Handling the tough conversations: Leading diverse dialouges

Back to Article
Back to Article

Handling the tough conversations: Leading diverse dialouges

Colleen Roach, Staff

Hang on for a minute...we're trying to find some more stories you might like.


Email This Story






The Columbia College Muslim Student Association (MSA) hosted three diversity dialogues recently, including one titled “Effects of White Supremacy on Religion and Spirituality.”

The dialogues were held in response to the terrorist attacks at mosques in Christchurch, New Zealand. The subject was that most of the mass shootings have been orchestrated and executed by white terrorists. Yet, in my opinion, none of them have been referred to as such.

We live in a world where white people who commit atrocities and perform mass killings are “troubled,” yet innocent muslim citizens are accused of being terrorists simply for their religion. They are objectified by some media and members of the public, and are forced to answer for the crimes of zealots, which no religion is without. However, we as white people are not even classified as terrorists and we have not been made to answer for those who commit these atrocities, despite there having been more white terrorist attacks than muslim since 9/11.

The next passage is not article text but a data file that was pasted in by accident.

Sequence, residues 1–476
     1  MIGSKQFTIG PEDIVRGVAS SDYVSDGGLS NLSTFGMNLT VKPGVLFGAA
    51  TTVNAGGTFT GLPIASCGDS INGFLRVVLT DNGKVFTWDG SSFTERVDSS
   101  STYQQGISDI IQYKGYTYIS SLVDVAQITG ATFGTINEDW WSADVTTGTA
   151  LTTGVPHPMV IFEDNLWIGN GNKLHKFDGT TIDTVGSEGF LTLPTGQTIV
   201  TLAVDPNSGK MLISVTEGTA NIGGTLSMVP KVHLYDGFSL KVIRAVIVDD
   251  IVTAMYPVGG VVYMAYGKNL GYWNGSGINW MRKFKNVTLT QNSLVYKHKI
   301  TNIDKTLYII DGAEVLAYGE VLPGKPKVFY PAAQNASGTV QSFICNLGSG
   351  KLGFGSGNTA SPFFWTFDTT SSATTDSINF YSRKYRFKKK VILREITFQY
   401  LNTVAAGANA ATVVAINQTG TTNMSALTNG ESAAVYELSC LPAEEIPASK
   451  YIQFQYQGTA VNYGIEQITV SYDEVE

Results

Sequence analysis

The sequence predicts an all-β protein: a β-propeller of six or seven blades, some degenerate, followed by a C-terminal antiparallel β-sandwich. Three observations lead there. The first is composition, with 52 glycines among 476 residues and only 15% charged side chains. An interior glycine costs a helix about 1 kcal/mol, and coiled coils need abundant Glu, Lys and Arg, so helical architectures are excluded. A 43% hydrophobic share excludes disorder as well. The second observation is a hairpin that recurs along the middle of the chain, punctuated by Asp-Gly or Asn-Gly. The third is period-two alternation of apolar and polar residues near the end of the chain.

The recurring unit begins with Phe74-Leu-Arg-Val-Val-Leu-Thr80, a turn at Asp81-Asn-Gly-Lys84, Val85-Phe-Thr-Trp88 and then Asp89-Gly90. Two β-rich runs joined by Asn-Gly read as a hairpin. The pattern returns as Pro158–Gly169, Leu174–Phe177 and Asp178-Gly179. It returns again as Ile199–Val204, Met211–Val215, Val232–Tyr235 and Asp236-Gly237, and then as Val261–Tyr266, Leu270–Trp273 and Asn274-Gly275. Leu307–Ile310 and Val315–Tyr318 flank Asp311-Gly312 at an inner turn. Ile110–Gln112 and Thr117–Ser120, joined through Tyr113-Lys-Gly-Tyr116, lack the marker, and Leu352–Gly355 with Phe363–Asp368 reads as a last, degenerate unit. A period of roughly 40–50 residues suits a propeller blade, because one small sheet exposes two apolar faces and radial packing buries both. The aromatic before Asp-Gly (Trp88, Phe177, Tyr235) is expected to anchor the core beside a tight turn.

When we turn and face this issue, so many solutions come to mind: We need more political support for minorities. More people need to address and overcome their own prejudices, etc. The solution starts with becoming aware and having these difficult discussions, which I observed occurring recently among my fellow students.

“We need to reach more people who are unaware of these issues,” Nebal Abu Abdo, senior political science and behavioral science major, said. “We have a lot of work to do and it needs to start now.”

Abdo is a member of MSA, which coordinated the dialogues with the help of fellow senior Jessica Baxter. Both said that currently the students who are coming are philosophy or social science majors, however these discussions are appropriate for anyone.

“These discussion need to reach other majors,” said Baxter, an accounting and behavioral science major.

When asked about the importance of the dialogues, another student, Taryn Auerbach, a senior English education major, had this to say, which was the discussion group’s consensus.

“Students are not seeking these opportunities and they aren’t happening in the classroom. These dialogues need to continue to happen so that there’s always the opportunity for a student to get involved in the discussion.”

Print Friendly, PDF & Email